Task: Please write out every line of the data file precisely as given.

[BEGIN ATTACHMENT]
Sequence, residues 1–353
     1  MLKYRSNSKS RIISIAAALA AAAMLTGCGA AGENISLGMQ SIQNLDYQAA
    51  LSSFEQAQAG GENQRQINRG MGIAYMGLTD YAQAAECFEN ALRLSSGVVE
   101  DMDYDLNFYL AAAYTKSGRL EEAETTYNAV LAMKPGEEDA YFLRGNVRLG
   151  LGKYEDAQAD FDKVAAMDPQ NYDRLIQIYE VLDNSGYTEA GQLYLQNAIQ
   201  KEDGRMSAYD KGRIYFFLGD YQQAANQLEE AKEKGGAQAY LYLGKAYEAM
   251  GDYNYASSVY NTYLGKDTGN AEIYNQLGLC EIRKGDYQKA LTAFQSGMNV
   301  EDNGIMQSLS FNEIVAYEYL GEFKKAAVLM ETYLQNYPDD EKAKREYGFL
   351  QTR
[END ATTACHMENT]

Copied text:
Sequence, residues 1–353
     1  MLKYRSNSKS RIISIAAALA AAAMLTGCGA AGENISLGMQ SIQNLDYQAA
    51  LSSFEQAQAG GENQRQINRG MGIAYMGLTD YAQAAECFEN ALRLSSGVVE
   101  DMDYDLNFYL AAAYTKSGRL EEAETTYNAV LAMKPGEEDA YFLRGNVRLG
   151  LGKYEDAQAD FDKVAAMDPQ NYDRLIQIYE VLDNSGYTEA GQLYLQNAIQ
   201  KEDGRMSAYD KGRIYFFLGD YQQAANQLEE AKEKGGAQAY LYLGKAYEAM
   251  GDYNYASSVY NTYLGKDTGN AEIYNQLGLC EIRKGDYQKA LTAFQSGMNV
   301  EDNGIMQSLS FNEIVAYEYL GEFKKAAVLM ETYLQNYPDD EKAKREYGFL
   351  QTR